The hard thing about creating a collaborative #culture is that one bad seed will ruin the crop.
Your job is to eliminate the bad seeds.
It’s not enough that the majority of people on your executive team or employee roster are willing collaborators. Just one person who’s possessive of information or competitive with the others will influence your culture.
I’ve seen it happen all too often. Someone is hired because of a world-class resume, and the leadership team chooses not to notice an abrasive
or egotistical attitude. Everyone silently hopes this person will fit in, bringing talents to bear without causing friction.
Moments like this are a test of your mettle. Do you let someone poison your culture? Are you truly committed to collaboration, or do you waver for the sake of a quick win?
My client, Cheyenne, faced this dilemma last year. She hired a hotshot (who we’ll call Steve) to run her marketing department, wowed by
his glowing recommendations.
The very day he started, a sick feeling emerged in Cheyenne’s stomach. She’d made a dreadful misjudgment.
Steve was a showboat in the worst possible way. He held frequent brainstorming meetings that felt more like ‘Steve: A One-Man Show.’ He talked endlessly about his own ideas and past successes. When someone dared to speak, he dismissed their ideas instantly.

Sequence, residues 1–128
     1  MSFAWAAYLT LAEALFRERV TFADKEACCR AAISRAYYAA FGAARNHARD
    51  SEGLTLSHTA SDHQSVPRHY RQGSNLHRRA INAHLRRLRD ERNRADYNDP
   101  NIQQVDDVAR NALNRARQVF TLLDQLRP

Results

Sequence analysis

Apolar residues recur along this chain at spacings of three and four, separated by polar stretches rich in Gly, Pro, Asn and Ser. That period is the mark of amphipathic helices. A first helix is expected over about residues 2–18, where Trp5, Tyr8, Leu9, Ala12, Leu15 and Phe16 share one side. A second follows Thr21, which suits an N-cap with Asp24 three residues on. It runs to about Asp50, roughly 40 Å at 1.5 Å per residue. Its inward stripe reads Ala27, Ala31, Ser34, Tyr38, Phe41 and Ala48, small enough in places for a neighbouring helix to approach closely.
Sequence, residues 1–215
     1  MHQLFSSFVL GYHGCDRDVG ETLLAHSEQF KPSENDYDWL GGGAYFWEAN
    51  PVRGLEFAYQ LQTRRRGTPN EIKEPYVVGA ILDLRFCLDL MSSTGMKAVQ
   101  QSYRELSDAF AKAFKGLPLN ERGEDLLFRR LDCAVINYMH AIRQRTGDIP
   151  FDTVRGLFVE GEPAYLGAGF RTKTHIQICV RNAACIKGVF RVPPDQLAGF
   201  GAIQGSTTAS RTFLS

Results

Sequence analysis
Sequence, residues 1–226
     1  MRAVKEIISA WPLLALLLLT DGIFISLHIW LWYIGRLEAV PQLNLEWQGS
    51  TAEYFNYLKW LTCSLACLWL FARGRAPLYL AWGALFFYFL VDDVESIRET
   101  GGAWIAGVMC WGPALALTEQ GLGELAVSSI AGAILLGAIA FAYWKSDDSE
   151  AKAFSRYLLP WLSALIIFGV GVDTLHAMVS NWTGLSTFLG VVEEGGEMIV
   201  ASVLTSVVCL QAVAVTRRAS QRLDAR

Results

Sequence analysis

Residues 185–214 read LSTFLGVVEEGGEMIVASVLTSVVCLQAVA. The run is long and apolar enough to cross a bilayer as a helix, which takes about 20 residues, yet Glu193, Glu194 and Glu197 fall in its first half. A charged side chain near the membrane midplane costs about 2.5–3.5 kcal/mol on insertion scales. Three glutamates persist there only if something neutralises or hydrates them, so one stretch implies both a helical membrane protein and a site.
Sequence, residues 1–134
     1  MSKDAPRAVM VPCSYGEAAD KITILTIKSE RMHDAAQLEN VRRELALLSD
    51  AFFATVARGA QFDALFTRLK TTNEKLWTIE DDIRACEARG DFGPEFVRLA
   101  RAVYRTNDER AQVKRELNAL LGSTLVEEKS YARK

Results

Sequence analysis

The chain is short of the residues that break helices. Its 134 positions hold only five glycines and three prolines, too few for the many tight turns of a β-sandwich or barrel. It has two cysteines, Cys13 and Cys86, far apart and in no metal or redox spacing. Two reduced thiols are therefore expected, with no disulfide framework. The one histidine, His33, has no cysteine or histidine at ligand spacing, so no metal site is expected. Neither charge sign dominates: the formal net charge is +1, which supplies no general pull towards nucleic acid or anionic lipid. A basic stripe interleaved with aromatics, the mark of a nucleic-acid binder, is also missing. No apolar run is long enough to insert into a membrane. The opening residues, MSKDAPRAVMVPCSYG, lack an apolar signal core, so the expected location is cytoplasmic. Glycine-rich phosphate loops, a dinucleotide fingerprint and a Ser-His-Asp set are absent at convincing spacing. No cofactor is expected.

This behavior ruffled more than a few feathers in Cheyenne’s highly- collaborative, tight-knit company. She’d built an atmosphere of respect, and Steve stood out like a Martian.
When she attempted to coach him on working more collaboratively, he was floored. After all, he included so many people in his ‘brainstorming meetings’.
After only a few weeks, Cheyenne had to send Steve packing. He was talented beyond belief, but he was not a team player.
If having a collaborative culture is truly your aim, you’ll have to make some tough calls too. You’ll have to identify loose cannons and be the brave voice that coaches them on changing their ways.
If change doesn’t happen, you’ll need to cut ties with talented people who refuse to fit in. Ultimate Executives understand that ‘fit’ is about more than just a history of performance. It’s about finding and retaining people who blend with your desired corporate culture.
This is why it’s vital to assess new hires for culture fit, not just knowledge and skills. Your interview process needs to formally address this. It’s not enough to assume someone who says they’re a team player actually is. You need to dig deeper, do some testing, and ask head-on when you’re reference-checking.
Collaborative cultures don’t happen by accident. They’re created through intention and action.
Lisa will help you to create a winning corporate culture,why not start today?